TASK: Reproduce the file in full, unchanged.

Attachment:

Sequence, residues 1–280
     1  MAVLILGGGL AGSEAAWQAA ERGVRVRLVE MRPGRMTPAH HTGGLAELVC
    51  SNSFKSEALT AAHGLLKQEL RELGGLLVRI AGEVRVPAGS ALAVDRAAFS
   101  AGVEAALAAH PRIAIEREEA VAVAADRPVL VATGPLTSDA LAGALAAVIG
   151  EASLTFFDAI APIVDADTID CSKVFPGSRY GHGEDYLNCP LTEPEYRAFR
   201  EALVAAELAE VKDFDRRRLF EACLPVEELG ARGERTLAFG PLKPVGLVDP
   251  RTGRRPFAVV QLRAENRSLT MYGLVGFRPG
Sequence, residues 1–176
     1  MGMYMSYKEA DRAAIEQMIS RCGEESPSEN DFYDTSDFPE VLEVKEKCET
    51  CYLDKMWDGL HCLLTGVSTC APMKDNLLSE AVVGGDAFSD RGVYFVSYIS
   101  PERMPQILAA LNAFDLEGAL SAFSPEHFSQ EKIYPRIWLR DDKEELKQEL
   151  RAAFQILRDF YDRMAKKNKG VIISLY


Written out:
Sequence, residues 1–280
     1  MAVLILGGGL AGSEAAWQAA ERGVRVRLVE MRPGRMTPAH HTGGLAELVC
    51  SNSFKSEALT AAHGLLKQEL RELGGLLVRI AGEVRVPAGS ALAVDRAAFS
   101  AGVEAALAAH PRIAIEREEA VAVAADRPVL VATGPLTSDA LAGALAAVIG
   151  EASLTFFDAI APIVDADTID CSKVFPGSRY GHGEDYLNCP LTEPEYRAFR
   201  EALVAAELAE VKDFDRRRLF EACLPVEELG ARGERTLAFG PLKPVGLVDP
   251  RTGRRPFAVV QLRAENRSLT MYGLVGFRPG
Sequence, residues 1–176
     1  MGMYMSYKEA DRAAIEQMIS RCGEESPSEN DFYDTSDFPE VLEVKEKCET
    51  CYLDKMWDGL HCLLTGVSTC APMKDNLLSE AVVGGDAFSD RGVYFVSYIS
   101  PERMPQILAA LNAFDLEGAL SAFSPEHFSQ EKIYPRIWLR DDKEELKQEL
   151  RAAFQILRDF YDRMAKKNKG VIISLY